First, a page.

For millenia, people have tried to reach a spiritual promised land by fasting. Jesus did it. The Buddha did it. Monks and saints and new age gurus have done it. And now, on the radio, This American Life contributor David Rakoff tries it. He does a 20-day fast, to find out if it brings him any form of enlightenment.
That was the official summary for this week’s episode of This American Life. Here is my unofficial summary:
David Rakoff does a twenty-day detox juice fast*, hoping for a quick glimpse of enlightenment. Other than his special diet and enema regimen, David does not follow any other guidelines that might define fasting as a spiritual practice, as prescribed by real spiritual experts. Instead, he reads the New York Times, rides the subway, and otherwise continues to lead his normal everyday life–to the extent possible, between his extended time on the toilet, and chopping and boiling vegetables for the fast.
Mi-mno, mi-bsam, mi-dpyad-ching,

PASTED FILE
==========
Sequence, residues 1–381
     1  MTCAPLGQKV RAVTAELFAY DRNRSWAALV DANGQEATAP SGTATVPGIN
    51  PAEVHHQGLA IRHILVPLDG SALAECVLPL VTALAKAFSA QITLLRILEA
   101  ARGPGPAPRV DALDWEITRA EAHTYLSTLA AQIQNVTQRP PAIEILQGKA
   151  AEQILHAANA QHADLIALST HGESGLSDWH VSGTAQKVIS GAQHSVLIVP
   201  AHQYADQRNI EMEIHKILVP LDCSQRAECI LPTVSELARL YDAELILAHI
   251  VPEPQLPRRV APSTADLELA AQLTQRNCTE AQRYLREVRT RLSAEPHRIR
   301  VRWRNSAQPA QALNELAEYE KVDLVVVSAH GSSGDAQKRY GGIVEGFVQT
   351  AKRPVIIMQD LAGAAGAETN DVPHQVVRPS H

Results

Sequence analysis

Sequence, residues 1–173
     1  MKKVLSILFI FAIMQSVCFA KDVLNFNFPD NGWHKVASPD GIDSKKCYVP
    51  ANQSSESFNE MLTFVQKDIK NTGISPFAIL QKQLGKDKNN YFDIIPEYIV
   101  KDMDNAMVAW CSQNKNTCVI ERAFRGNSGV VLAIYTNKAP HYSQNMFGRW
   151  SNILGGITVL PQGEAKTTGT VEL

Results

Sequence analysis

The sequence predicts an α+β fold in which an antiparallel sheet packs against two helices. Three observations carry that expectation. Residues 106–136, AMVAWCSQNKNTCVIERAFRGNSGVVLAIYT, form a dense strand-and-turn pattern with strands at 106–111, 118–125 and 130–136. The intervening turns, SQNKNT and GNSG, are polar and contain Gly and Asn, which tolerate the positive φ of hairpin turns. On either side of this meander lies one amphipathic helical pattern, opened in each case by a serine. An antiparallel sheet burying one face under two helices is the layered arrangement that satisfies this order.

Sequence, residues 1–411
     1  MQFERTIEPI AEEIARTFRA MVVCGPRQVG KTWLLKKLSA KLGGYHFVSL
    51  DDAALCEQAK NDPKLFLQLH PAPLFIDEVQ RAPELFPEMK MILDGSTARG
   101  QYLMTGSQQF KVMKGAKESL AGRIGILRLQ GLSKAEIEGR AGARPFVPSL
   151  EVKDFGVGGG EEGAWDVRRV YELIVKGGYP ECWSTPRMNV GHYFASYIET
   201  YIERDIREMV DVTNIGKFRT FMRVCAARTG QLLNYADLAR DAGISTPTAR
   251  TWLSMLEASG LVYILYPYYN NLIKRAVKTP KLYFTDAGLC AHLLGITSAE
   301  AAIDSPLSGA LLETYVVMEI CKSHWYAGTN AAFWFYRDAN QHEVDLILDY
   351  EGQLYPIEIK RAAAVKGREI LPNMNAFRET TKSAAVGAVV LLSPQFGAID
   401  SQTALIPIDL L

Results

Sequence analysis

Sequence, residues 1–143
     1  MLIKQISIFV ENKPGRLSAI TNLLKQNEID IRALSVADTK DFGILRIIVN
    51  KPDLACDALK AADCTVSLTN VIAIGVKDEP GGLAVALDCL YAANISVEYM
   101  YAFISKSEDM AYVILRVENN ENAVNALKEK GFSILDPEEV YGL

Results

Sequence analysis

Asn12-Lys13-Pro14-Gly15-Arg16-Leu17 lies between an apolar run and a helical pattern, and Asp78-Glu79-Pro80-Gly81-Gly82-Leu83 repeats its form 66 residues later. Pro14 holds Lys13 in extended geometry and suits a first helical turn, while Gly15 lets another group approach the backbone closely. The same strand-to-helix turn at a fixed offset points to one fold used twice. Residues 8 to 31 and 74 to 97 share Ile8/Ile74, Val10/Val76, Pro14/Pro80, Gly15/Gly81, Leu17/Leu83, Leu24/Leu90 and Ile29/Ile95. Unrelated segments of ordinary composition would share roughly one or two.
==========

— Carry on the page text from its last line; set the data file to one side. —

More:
Question from a student:
I understand that Kungfu, a multifaceted system, is a system of combat, and hence dominant and superior combat power is its highest priority. Is that true?
Answer from Wong Kiew Kit:
It is a matter of perspective. I would view kungfu in this way. Kungfu as a mutifaceted martial art, has three levels of attainment. The lowest level is combat efficiency. This is also the most fundamental level, without which it ceases to be kungfu and degenerates into a demonstrative form.
Su Dongpo occupied a government post on the northern shore of the Yangtze River. Across the river at Jinshan Temple lived the Chan master Foyin.
One day, Su Dongpo, feeling proud of his accomplishments in meditative practice, wrote a poem and dispatched it to Foyin for approval:
I bow my head to the heaven within heaven
Whose light illuminates the universe
The eight winds cannot move me
Sitting still upon the golden purple lotus
When Foyin received the poem, he read it, wrote a single word in reply, and sent it back.